Objective: The mechanisms involved in NOX5 activation in atherosclerotic processes are not completely understood.  This study tested the hypothesis that lysophosphatidylcholine (LPC), a proatherogenic component of oxLDL, induces endothelial calcium influx, which drives NOX5-dependent reactive oxygen species (ROS) production, oxidative stress, and endothelial cell dysfunction.  Approach: Human aortic endothelial cells (HAEC) were stimulated with LPC (10-5 M, for different time points).  Pharmacological inhibition of NOX5 (Melittin, 10-7 M) and NOX5 gene silencing (siRNA) were used to determine the role of NOX5-dependent ROS production in endothelial oxidative stress induced by LPC.  ROS production was determined by lucigenin assay and electron paramagnetic spectroscopy (EPR), calcium transients by Fluo4 fluorimetry, and NOX5 activity and protein expression by pharmacological assays and immunoblotting, respectively. Results: LPC increased ROS generation in endothelial cells at short (15 min) and long (4 h) stimulation times.  LPC-induced ROS was abolished by a selective NOX5 inhibitor and by NOX5 siRNA. NOX1/4 dual inhibition and selective NOX1 inhibition only decreased ROS generation at 4 h.  LPC increased HAEC intracellular calcium, important for NOX5 activation, and this was blocked by nifedipine and thapsigargin.  Bapta-AM, selective Ca2+ chelator, prevented LPC-induced ROS production.  NOX5 knockdown decreased LPC-induced ICAM-1 mRNA expression and monocyte adhesion to endothelial cells. Conclusion: These results suggest that NOX5, by mechanisms linked to increased intracellular calcium, is key to early LPC-induced endothelial oxidative stress and pro-inflammatory processes.  Since these are essential events in the formation and progression of atherosclerotic lesions, this study highlights an important role for NOX5 in atherosclerosis.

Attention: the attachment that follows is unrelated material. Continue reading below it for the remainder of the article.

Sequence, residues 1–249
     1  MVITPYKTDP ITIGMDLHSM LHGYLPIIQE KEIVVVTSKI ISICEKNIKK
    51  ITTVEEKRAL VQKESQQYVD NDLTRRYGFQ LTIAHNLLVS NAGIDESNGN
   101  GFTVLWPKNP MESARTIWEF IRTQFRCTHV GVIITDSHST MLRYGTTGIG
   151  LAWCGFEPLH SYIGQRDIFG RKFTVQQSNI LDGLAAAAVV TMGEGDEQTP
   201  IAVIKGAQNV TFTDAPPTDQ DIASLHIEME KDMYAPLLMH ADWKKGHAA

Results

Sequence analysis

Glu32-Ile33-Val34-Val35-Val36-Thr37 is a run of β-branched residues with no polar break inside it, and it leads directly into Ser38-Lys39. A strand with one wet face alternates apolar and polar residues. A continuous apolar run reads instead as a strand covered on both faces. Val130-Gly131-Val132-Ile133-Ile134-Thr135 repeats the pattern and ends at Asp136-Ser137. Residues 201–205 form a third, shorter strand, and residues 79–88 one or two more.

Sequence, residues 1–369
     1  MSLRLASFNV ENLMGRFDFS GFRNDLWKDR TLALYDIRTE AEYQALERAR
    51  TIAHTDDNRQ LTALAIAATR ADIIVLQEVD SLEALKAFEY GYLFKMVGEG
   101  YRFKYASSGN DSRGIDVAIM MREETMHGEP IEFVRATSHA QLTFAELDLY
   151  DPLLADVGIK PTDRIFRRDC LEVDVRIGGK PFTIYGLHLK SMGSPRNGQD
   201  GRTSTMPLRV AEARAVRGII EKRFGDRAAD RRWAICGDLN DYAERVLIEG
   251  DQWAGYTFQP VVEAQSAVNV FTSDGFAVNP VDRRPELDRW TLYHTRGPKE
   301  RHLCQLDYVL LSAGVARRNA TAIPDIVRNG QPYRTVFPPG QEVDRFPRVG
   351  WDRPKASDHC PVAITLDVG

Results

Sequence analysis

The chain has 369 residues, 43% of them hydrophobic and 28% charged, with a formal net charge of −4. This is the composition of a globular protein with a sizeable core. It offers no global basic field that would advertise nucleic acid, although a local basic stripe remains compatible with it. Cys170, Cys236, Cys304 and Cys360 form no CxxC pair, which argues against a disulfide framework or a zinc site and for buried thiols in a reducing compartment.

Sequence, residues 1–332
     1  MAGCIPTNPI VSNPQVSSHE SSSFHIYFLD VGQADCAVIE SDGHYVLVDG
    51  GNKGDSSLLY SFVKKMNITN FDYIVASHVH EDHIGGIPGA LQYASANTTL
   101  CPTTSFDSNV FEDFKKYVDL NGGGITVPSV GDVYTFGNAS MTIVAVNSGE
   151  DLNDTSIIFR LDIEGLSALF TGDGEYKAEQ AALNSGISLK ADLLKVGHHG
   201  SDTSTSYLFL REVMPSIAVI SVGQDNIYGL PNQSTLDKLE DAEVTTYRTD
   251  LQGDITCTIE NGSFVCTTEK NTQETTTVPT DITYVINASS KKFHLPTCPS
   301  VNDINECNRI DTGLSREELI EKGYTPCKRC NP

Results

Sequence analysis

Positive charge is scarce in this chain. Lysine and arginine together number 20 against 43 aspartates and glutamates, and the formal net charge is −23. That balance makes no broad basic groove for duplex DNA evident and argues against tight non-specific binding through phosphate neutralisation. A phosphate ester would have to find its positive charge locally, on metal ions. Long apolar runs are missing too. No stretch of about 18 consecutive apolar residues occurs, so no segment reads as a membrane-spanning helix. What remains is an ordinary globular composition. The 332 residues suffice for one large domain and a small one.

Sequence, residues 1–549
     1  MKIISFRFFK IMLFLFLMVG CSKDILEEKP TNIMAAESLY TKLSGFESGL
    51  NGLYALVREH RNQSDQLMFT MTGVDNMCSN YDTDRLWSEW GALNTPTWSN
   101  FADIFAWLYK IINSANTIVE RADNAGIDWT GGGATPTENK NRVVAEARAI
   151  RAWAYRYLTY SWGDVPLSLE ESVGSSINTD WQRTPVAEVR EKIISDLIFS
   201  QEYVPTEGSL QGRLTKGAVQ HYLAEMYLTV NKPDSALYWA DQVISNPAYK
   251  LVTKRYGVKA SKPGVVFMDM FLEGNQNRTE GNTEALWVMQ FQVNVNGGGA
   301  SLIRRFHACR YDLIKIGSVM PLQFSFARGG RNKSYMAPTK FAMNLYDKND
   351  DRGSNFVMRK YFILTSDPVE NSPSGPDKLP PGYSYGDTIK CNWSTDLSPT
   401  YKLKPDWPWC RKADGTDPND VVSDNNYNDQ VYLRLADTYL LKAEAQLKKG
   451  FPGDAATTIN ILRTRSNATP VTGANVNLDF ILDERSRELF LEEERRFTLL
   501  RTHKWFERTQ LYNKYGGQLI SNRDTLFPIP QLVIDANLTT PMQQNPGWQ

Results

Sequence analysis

This content is only available as a PDF.
This is an Accepted Manuscript; not the final Version of Record. Archiving permitted only in line with the archiving policy of Portland Press Limited.